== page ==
I am a non-executive director of Hanson Transport and there are four board meetings a year. I was educated at Christ Church, Oxford University; and am an MBA graduate of the Harvard Business School. I am also a Chartered Accountant.
As an elected MEP for the UK Independence Party, along with all the other UK Independence Party's MEPs, my priority is to do myself out of my job by helping to secure Britain leaving the European Union.
Until this new term of the European Parliament beginning July 2009 MEPs were paid the same as MPs. However an MEP statute was passed in 2005 to govern MEPs salaries. The effect was that from July 2009 all MEPs are paid the same; this salary is 38.5 % of the salary of a Judge at the European Court of Justice.
When the MEP statute was originally passed, the effect would have been to reduce slightly a British MEP's salary: the salary would have been less than that of a Westminster MP. However the Euro has been a volatile currency, another reason why the UK should not be in the Euro
Now because of the volatility of the Euro, at the current exchange rate an MEP's salary works out at rather more than what is paid to Westminster MPs (by about 20%). I would vastly prefer to be paid in Pounds Sterling, but as it is I do not have that option.
My gross salary is 7,665 € a month and is paid after (compulsory) deduction of Social Security and European Community tax. There is an additional tax levied by the Inland Revenue to bring the amount of tax paid to the United Kingdom level.
- The European Parliament' secretarial allowances for an MEP are at current exchange rates, 1.5 x times the staff allowances received by a Westminster MP. With 55 parliamentary constituencies in the South Western electoral area, which I have the honour to represent, these allowances are fully committed.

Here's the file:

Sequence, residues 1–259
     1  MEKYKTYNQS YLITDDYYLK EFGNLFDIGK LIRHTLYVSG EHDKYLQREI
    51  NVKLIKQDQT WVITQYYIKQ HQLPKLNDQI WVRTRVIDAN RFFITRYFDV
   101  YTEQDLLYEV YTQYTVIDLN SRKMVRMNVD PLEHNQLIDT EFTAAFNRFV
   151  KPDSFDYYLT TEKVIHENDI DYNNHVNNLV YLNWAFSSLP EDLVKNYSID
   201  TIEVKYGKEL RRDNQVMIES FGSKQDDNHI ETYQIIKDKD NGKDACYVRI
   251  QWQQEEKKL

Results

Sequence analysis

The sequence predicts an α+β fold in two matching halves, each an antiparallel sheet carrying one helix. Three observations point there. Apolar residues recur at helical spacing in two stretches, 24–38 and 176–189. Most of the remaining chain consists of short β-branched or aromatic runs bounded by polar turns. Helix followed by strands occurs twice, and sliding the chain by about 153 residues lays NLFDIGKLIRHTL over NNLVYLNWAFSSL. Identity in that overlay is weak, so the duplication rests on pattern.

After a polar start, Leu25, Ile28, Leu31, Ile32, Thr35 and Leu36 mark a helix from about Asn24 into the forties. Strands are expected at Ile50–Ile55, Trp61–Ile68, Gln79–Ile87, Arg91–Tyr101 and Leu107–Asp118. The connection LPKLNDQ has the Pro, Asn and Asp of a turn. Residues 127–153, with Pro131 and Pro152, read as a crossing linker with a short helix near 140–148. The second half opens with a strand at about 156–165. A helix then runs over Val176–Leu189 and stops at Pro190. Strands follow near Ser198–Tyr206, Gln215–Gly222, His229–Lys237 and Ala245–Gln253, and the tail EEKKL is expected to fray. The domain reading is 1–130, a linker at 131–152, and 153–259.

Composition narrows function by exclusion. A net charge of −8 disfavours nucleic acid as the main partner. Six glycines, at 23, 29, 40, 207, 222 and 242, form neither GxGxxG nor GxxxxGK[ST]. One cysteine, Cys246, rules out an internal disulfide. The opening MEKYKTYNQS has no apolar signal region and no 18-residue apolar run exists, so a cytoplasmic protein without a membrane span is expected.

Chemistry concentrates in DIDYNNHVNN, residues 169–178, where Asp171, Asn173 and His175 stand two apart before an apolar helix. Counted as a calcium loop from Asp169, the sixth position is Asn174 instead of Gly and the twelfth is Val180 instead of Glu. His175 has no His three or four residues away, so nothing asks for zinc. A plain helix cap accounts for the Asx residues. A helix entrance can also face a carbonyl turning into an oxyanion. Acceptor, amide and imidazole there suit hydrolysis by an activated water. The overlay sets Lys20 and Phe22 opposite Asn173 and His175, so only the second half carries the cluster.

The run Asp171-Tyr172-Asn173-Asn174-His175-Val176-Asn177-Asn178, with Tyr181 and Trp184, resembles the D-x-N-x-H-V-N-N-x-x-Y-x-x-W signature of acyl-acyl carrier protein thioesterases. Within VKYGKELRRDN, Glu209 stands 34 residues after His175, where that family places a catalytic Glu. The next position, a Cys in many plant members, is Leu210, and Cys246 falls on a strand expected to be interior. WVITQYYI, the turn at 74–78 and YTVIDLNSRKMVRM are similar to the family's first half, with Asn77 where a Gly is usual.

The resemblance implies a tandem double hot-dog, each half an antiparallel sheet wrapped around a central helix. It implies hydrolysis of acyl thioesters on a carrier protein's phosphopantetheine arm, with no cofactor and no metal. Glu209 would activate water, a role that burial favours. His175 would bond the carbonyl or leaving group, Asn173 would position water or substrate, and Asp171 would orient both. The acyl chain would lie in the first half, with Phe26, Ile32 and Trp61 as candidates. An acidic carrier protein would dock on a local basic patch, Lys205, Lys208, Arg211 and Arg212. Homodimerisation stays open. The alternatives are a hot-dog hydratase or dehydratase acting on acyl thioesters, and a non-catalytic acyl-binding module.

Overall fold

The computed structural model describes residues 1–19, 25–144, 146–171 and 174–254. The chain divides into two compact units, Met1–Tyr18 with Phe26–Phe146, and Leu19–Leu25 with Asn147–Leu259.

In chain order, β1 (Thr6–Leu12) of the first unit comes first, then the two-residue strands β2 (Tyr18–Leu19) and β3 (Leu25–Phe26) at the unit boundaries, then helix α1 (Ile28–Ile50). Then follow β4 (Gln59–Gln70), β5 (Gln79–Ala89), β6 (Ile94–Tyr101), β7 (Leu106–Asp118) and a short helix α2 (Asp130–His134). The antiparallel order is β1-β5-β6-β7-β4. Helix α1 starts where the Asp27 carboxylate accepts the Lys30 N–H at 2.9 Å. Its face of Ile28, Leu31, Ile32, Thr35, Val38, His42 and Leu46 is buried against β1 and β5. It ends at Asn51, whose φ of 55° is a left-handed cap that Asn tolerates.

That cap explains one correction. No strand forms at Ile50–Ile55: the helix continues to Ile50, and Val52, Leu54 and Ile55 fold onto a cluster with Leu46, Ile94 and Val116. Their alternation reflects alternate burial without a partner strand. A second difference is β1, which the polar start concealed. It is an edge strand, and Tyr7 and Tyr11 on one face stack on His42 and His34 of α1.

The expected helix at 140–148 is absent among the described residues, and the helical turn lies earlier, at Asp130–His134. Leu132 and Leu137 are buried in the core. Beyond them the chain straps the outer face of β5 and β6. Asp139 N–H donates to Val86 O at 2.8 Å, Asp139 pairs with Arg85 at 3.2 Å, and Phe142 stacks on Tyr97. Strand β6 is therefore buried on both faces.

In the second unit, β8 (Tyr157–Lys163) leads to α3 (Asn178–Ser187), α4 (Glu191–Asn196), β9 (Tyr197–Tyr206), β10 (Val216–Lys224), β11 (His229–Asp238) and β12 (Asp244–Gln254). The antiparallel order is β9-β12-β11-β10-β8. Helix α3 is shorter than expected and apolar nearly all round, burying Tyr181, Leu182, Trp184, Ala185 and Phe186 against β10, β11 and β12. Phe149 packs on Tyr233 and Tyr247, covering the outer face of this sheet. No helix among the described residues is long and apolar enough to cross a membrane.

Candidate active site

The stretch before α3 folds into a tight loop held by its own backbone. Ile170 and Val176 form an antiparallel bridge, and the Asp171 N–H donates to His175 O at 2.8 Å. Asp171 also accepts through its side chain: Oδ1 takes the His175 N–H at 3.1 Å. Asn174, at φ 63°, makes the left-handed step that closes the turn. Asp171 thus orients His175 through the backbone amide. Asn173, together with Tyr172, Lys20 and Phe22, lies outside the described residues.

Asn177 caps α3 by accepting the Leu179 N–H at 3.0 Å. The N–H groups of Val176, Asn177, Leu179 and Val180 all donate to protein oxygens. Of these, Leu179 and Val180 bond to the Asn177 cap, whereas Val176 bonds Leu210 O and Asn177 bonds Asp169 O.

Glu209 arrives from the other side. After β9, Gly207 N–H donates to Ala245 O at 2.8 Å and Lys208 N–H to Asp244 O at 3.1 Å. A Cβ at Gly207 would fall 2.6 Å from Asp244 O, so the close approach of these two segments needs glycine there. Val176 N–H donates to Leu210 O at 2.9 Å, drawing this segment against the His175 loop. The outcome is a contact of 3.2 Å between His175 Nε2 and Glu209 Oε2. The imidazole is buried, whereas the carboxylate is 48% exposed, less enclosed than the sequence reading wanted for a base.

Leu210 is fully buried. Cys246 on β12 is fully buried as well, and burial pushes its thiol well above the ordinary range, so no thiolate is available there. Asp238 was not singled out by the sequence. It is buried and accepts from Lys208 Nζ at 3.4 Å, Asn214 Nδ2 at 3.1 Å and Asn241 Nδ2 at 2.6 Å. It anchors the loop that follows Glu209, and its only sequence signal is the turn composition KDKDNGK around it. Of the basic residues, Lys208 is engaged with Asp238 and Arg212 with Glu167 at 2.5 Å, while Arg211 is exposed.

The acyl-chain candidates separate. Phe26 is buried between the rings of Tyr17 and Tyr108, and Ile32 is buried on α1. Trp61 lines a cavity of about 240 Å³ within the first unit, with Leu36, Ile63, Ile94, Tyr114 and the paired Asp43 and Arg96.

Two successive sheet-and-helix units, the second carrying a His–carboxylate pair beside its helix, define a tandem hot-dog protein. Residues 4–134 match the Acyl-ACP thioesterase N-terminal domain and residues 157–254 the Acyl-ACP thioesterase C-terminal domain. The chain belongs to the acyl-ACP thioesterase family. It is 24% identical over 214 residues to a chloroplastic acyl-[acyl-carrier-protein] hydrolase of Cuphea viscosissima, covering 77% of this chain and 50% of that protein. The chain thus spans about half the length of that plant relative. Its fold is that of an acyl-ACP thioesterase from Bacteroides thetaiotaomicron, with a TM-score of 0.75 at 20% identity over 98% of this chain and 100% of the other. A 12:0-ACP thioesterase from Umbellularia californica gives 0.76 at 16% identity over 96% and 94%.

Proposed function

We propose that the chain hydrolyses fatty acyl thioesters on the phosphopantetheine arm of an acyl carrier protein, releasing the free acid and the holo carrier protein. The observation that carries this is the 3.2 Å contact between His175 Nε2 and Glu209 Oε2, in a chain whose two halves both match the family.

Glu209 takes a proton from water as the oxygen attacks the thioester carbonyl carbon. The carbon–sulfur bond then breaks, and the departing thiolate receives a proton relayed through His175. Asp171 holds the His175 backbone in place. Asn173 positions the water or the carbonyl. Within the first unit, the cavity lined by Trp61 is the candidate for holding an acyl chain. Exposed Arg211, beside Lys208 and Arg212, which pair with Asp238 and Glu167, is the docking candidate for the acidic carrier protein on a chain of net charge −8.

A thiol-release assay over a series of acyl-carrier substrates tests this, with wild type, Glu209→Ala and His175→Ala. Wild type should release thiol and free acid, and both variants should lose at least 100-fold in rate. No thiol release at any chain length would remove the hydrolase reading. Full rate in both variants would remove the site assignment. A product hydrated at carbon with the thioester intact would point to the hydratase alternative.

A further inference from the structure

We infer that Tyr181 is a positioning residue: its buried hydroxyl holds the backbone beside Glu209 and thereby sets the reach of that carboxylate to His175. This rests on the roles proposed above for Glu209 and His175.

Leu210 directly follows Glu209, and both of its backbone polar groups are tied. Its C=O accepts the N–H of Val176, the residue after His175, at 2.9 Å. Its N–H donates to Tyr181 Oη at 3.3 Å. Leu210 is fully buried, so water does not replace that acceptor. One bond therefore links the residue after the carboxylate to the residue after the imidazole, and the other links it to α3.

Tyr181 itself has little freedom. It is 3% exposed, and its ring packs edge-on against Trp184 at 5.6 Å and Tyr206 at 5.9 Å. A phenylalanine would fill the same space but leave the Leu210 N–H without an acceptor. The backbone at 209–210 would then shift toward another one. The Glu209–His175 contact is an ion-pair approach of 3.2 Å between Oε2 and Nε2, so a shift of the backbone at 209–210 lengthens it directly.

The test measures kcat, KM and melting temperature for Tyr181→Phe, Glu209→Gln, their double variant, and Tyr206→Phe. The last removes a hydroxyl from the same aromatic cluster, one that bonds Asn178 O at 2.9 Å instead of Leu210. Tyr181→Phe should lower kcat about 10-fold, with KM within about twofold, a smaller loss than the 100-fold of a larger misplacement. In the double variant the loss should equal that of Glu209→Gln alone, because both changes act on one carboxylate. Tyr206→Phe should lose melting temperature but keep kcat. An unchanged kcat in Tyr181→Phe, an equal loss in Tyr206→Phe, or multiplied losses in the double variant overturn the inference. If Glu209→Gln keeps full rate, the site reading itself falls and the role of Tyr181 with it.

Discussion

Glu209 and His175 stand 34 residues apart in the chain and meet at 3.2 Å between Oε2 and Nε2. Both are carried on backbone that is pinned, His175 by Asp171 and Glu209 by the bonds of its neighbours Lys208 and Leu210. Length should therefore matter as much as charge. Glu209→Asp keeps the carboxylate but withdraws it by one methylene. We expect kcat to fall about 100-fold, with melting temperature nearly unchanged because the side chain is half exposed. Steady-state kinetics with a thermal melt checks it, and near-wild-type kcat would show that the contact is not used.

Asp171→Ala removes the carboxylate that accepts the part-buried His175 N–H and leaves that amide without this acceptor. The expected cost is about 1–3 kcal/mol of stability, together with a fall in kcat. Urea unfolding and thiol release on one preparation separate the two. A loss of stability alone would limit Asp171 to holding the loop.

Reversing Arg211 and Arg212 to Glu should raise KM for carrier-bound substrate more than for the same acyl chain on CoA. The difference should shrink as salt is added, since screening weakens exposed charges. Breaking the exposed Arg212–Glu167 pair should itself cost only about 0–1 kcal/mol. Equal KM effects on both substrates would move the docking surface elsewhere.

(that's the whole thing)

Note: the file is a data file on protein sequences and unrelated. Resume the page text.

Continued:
- The actual monthly payments are made not to me, but to an external paying agent. In my case the paying agent is a firm of Accountants.
Employment of spouses and relatives
- According to the latest Register of MPs' financial interests, 175 MPs currently employ spouses or partners. A further 31 MPs employ other family members. Total 206 MPs.
- I made a personal pledge at the hustings that I would not - repeat not - employ a spouse, partner or other relative if elected. I am personally delighted that the European Parliament has in any case forbidden this practice for first time MEPs elected in 2009.
- British MEPs unlike MPs do not receive mortgages paid for by the British taxpayer, where the MPs keep the property and the Capital Gain. Nor do MEPs receive money from the taxpayer for furniture and groceries.
- What MEPs do receive is a subsistence allowance to pay for accommodation and subsistence in Brussels and Strasbourg. The amount is 298 € per day that the MEP is actually present in Brussels and Strasbourg. My experience has been that most of the subsistence allowance is necessary. However I am pledged to donate to charity the surplus after 12 months.
- Travel to and from Brussels and Strasbourg is reimbursed. 24 rail journeys within the UK are reimbursed which enables me to travel around the South West election area. Travel is only reimbursed on production of the actual tickets/boarding passes.